Bliss: Gardens Real and Imagined
From the legendary “winter carpets” of Persian kings embellished with spring blossoms of rubies and diamonds, to a simple quilt composed of floral fabrics, flower iconography has been a continuous element of textile design, bringing echoes of lush gardens indoors to transform interiors from grand palaces to modest homes. The very ubiquity of textiles and their universality provides a unique lens to explore the iteration of beauty in a single form – the flower – and the endless exploration of the abundance of nature by artists and artisans who have transformed its sensations in vast and varied colours, shapes and textures. Their visual language has persisted across nations and generations, imbuing everyday lives with inspiration and delight.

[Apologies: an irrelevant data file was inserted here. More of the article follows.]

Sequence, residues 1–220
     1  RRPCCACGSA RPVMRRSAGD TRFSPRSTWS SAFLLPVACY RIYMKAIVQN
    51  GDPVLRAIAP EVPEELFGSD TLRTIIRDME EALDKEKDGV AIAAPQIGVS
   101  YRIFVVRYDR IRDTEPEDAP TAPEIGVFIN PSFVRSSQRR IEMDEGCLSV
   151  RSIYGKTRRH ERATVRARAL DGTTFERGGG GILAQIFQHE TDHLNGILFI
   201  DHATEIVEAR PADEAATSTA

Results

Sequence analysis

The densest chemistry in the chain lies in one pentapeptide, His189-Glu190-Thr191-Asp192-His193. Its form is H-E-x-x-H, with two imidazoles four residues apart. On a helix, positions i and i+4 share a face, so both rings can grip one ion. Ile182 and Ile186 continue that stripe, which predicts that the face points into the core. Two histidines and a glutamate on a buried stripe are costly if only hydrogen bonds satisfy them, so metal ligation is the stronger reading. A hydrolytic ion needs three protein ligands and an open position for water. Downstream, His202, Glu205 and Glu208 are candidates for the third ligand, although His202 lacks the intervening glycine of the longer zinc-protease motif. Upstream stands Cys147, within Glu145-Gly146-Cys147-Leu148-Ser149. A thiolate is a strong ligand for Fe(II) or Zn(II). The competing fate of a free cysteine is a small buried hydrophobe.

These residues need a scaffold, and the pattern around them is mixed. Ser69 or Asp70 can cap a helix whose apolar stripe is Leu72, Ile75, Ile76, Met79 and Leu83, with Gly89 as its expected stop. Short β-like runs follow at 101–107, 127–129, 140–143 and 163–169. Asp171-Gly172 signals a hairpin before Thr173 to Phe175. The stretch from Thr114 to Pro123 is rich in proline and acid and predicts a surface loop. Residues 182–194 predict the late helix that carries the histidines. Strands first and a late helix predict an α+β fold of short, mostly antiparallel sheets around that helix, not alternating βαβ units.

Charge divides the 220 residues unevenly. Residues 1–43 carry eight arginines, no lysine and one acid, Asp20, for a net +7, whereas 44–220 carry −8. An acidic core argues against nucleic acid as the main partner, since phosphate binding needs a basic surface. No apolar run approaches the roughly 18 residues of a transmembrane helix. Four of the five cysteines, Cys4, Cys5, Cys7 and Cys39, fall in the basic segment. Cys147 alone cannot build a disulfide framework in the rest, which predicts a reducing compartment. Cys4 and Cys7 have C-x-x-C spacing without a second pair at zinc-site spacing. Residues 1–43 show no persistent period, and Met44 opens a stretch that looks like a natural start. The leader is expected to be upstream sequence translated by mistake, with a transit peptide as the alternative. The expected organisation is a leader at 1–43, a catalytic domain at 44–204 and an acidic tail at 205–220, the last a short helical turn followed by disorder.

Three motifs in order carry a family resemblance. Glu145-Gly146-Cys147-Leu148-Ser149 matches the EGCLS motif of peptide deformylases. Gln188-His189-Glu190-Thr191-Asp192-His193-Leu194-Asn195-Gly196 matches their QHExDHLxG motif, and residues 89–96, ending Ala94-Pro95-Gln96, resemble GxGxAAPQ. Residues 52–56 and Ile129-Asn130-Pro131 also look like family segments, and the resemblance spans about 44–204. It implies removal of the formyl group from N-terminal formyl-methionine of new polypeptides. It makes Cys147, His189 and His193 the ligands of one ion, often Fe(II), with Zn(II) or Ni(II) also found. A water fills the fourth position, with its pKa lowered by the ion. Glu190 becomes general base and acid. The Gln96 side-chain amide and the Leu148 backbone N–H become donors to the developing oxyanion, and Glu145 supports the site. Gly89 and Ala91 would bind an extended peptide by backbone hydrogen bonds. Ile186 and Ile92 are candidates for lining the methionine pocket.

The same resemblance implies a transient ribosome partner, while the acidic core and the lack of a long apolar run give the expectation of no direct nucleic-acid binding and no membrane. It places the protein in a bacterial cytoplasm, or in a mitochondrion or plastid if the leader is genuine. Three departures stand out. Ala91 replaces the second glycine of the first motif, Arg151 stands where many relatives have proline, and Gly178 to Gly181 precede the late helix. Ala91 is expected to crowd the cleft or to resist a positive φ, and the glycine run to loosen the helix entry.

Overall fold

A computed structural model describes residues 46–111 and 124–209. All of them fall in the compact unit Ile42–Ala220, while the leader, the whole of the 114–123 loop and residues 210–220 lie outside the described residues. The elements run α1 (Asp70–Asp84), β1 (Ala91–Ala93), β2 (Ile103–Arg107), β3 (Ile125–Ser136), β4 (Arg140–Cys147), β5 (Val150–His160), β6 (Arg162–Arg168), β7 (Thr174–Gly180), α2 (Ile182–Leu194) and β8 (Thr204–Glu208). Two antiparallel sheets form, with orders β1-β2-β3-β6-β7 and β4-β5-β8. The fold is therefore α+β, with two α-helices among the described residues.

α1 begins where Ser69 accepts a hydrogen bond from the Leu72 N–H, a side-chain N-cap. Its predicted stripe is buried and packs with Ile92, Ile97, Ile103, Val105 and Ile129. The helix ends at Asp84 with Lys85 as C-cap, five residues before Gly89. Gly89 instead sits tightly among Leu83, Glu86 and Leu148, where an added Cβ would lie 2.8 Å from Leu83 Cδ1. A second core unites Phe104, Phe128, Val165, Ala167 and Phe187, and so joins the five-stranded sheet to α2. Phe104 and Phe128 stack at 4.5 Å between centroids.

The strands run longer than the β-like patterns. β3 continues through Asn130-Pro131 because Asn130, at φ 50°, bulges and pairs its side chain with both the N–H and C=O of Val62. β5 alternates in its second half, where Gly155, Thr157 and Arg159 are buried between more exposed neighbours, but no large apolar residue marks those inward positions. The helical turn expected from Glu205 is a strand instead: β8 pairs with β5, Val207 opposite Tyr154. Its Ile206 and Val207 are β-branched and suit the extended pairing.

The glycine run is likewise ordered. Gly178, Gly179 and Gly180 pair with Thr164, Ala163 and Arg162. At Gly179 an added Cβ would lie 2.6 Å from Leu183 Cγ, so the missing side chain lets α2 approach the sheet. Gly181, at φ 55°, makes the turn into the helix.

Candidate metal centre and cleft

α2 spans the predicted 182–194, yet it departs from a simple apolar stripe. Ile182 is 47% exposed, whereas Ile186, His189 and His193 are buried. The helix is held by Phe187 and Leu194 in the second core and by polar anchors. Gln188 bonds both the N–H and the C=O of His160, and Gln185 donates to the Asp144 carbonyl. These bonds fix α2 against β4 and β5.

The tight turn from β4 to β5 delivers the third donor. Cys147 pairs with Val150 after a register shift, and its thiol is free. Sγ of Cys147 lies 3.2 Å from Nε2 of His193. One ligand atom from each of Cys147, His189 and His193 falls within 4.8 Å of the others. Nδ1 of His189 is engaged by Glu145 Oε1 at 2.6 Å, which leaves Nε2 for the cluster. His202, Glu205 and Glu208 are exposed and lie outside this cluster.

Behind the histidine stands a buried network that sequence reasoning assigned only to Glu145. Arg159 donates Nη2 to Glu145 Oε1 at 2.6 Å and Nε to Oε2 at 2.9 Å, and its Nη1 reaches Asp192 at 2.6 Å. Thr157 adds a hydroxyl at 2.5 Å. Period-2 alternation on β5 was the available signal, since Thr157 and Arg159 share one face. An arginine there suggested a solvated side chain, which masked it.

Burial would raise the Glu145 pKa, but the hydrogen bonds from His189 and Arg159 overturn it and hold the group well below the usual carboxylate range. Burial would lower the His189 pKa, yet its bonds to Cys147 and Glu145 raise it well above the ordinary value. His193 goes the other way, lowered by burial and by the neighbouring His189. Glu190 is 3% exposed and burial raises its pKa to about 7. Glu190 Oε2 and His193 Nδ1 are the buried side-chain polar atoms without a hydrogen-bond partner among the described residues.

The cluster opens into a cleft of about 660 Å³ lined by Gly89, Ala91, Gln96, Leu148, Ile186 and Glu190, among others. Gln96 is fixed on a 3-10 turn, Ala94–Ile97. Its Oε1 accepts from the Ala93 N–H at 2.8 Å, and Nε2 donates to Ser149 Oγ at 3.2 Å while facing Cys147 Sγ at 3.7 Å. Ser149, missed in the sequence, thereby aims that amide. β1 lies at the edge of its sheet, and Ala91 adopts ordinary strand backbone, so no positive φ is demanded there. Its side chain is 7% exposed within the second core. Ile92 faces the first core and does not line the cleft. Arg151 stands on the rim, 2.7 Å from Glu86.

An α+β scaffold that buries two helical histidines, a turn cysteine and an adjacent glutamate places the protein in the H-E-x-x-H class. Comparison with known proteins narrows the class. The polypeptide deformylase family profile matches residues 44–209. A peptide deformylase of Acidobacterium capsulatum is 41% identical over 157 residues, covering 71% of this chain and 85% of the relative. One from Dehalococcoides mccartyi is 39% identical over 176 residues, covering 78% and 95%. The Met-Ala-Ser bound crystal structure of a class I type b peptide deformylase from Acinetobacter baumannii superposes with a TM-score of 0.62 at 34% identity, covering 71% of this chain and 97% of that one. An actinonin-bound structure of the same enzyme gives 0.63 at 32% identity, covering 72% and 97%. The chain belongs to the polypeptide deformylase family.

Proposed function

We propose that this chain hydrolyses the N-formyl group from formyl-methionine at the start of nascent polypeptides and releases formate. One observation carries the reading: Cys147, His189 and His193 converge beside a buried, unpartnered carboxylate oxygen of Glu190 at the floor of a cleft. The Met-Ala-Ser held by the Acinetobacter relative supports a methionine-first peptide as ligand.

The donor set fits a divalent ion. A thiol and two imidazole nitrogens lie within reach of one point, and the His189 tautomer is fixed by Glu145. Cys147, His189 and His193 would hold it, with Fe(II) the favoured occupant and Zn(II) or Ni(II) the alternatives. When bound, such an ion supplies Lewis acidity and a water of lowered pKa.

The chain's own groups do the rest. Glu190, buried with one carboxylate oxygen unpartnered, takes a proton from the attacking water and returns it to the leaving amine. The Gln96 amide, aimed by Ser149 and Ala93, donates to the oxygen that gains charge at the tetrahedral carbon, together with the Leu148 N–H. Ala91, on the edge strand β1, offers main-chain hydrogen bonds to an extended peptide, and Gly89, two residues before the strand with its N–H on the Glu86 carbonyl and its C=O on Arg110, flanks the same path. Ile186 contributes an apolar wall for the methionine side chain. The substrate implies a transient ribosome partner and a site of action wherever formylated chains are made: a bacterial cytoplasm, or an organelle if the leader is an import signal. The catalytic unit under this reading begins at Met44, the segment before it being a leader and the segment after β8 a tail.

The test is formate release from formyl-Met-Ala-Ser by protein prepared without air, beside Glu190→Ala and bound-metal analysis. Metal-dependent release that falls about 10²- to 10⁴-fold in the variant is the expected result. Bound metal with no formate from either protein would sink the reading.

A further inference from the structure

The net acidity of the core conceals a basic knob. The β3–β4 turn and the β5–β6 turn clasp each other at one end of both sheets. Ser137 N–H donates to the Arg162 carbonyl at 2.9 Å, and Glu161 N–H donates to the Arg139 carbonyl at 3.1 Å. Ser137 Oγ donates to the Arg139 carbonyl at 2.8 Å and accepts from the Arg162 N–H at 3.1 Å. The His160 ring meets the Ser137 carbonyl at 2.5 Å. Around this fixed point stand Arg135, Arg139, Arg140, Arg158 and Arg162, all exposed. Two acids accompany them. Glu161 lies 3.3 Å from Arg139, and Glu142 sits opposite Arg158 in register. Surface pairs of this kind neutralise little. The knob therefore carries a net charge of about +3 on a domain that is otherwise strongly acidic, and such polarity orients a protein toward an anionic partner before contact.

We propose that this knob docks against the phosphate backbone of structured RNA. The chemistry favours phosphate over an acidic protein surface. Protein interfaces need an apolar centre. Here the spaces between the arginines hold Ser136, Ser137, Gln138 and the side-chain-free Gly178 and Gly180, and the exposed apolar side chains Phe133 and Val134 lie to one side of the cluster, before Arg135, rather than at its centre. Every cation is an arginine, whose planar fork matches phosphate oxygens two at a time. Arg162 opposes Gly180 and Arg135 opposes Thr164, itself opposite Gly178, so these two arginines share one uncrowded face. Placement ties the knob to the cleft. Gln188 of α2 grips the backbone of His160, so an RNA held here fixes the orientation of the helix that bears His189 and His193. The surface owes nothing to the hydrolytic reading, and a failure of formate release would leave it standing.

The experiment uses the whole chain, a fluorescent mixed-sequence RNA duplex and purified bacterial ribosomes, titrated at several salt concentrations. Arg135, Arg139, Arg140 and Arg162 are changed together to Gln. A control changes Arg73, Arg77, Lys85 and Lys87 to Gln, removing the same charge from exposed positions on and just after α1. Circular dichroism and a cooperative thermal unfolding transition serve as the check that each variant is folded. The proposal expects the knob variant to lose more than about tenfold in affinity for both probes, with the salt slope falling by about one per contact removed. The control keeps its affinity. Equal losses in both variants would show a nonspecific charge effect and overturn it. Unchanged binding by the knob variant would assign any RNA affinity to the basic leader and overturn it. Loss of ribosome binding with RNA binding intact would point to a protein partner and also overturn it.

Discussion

Drawing from the Textile Museum of Canada’s rich international collection, Bliss encompasses a world of floral design, exploring the age-old theme of gardens, real and imagined, that has nurtured textile arts for centuries. Bringing together a variety of aesthetics, techniques and styles, the exhibition offers insight into cultural and historical nuances produced from a single design source – from Persian wall hangings and Ottoman rugs to European printed fabrics including iconic prints of the 19th-century English designer William Morris, Indonesian batiks, Central Asian embroideries and Japanese and Chinese garments. The work of three Canadian artists further extends the investigation of the garden’s symbolic power in the 21st century; Zachari Logan, Joanne Lyons and Amanda McCavour explore the concept of beauty and our relationship to nature in their mixed media work, re-situating traditional imagery in a contemporary context.